The Way We’re Working Isn’t Working

No matter how much we produce today — whether it’s measured in dollars or sales or goods or widgets — it’s never enough. We’re so busy trying to keep up that we stop noticing we’re in a race we can never win. From The Way We’re Working Isn’t Working: The Four Forgotten Needs That Energize Great Performance, by Tony Schwartz, Jean Gomes, and Catherine McCarthy, Ph.D.

The way we’re working isn’t working.

The defining ethic in the modern workplace is more, bigger, faster. More information than ever is available to us, and the speed of every transaction has increased exponentially, prompting a sense of permanent urgency and endless distraction. We have more customers and clients to please, more e-mails to answer, more phone calls to return, more tasks to juggle, more meetings to attend, more places to go, and more hours we feel we must work to avoid falling further behind.

The technologies that make instant communication possible anywhere, at any time, speed up decision making, create efficiencies, and fuel a truly global marketplace. But too much of a good thing eventually becomes a bad thing. Left unmanaged and unregulated, these same technologies have the potential to overwhelm us. The relentless urgency that characterizes most corporate cultures undermines creativity, quality, engagement, thoughtful deliberation, and, ultimately, performance.

No matter how much value we produce today — whether it’s measured in dollars or sales or goods or widgets — it’s never enough. We run faster, stretch out our arms further, and stay at work longer and later. We’re so busy trying to keep up that we stop noticing we’re in a Sisyphean race we can never win.

All this furious activity exacts a series of silent costs: less capacity for focused attention, less time for any given task, and less opportunity to think reflectively and long term. When we finally do get home at night, we have less energy for our families, less time to wind down and relax, and fewer hours to sleep. We return to work each morning feeling less rested, less than fully engaged, and less able to focus. It’s a vicious cycle that feeds on itself. Even for those who still manage to perform at high levels, there is a cost in overall satisfaction and fulfillment. The ethic of more, bigger, faster generates value that is narrow, shallow, and short term. More and more, paradoxically, leads to less and less.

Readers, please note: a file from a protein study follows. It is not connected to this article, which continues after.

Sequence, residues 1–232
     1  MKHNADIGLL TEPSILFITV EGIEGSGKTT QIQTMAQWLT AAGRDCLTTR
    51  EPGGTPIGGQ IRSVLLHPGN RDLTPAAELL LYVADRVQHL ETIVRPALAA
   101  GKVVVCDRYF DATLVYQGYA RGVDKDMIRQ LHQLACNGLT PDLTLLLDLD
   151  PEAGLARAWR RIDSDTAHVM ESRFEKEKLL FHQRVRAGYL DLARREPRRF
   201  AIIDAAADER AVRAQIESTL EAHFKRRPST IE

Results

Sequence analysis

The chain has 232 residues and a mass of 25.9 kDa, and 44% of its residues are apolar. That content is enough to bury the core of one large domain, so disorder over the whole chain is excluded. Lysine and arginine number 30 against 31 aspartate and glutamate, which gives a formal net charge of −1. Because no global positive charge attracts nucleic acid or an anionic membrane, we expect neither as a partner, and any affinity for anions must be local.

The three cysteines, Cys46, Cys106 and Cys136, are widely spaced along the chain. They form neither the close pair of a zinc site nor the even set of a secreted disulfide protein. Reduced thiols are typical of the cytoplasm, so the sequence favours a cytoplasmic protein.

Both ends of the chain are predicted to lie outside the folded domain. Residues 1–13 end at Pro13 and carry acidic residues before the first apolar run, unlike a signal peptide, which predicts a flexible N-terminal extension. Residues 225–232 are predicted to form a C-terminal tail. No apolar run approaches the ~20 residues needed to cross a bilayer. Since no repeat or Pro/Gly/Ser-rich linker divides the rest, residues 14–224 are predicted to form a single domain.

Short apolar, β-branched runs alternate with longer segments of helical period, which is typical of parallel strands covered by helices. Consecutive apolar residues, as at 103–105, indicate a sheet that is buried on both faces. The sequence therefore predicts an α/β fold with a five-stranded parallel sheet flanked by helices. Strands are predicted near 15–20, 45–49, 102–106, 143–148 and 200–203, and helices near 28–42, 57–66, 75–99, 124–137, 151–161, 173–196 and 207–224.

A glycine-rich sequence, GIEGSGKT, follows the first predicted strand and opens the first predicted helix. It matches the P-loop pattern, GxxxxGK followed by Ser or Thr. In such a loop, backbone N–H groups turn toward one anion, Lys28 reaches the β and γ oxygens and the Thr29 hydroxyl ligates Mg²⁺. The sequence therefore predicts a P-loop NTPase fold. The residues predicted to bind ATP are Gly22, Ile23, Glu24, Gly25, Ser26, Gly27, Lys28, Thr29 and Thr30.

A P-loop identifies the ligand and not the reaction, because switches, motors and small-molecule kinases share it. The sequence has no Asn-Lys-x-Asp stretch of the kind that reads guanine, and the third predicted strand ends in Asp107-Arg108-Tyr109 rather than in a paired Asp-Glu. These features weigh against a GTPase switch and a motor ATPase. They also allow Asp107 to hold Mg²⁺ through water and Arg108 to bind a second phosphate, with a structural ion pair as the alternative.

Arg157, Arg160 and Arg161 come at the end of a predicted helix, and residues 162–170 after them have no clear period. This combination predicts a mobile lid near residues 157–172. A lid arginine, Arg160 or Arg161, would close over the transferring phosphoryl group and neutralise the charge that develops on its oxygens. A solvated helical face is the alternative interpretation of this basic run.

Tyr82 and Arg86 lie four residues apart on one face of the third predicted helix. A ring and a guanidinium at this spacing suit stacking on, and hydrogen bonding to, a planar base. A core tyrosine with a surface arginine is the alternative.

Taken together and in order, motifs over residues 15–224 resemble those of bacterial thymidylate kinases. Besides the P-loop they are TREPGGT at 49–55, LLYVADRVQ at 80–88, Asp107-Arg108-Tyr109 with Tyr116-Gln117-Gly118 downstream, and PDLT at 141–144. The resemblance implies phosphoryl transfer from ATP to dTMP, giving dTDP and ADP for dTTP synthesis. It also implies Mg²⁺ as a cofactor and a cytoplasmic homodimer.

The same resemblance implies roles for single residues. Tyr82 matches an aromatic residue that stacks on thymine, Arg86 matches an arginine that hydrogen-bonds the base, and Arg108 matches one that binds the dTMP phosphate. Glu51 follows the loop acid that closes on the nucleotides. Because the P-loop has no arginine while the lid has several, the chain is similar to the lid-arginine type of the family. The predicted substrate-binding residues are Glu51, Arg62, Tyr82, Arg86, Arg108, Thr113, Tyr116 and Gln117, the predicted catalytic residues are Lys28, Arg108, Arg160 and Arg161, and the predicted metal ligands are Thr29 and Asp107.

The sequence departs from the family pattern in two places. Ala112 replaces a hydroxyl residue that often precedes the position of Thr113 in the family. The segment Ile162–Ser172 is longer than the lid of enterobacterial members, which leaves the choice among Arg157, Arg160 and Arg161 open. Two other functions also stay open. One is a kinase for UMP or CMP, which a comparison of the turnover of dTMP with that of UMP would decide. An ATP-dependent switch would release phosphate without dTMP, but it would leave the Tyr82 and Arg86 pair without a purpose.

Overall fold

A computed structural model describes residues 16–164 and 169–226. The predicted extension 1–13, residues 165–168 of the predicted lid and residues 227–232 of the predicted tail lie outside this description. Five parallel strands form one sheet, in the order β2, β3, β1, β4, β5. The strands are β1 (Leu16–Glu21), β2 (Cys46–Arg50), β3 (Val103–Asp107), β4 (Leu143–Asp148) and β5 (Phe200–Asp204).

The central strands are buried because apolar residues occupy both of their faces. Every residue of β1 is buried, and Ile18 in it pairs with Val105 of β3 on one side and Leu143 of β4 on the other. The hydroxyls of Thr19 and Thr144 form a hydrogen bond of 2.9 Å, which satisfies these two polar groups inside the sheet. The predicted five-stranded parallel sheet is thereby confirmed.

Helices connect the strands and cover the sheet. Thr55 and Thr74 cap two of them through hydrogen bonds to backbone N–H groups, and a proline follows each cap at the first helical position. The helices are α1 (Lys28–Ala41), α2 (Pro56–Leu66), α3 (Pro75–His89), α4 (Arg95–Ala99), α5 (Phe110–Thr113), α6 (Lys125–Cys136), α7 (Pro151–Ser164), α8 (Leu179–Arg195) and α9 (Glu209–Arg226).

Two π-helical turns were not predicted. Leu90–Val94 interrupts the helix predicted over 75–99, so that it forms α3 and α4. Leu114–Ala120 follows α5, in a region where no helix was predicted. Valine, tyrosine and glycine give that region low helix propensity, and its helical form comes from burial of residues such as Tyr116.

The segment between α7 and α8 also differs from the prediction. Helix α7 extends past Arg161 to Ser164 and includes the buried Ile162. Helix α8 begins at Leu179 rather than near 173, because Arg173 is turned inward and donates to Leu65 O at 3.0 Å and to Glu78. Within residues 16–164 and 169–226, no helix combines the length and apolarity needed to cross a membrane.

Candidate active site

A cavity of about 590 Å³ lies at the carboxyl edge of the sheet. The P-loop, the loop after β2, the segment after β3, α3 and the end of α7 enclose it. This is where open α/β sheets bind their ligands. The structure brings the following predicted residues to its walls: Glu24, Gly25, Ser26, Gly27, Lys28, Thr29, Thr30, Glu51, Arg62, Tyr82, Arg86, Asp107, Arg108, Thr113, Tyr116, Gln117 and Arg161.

The consulting firm Towers Perrin’s most recent global workforce study bears this out. Conducted in 2007–2008, before the worldwide recession, it looked at some 90,000 employees in eighteen countries. Only 20 percent of them felt fully engaged, meaning that they go above and beyond what’s required of them because they have a sense of purpose and passion about what they’re doing. Forty percent were “enrolled,” meaning capable but not fully committed, and 38 percent were disenchanted or disengaged.

All of that translated directly to the bottom line. The companies with the most engaged employees reported a 19 percent increase in operating income and a 28 percent growth in earnings per share. Those with the lowest levels of engagement had a 32 percent decline in operating income, and their earnings dropped more than 11 percent. In the companies with the most engaged employees, 90 percent of the employees had no plans to leave. In those with the least engaged, 50 percent were considering leaving. More than a hundred studies have demonstrated some correlation between employee engagement and business performance.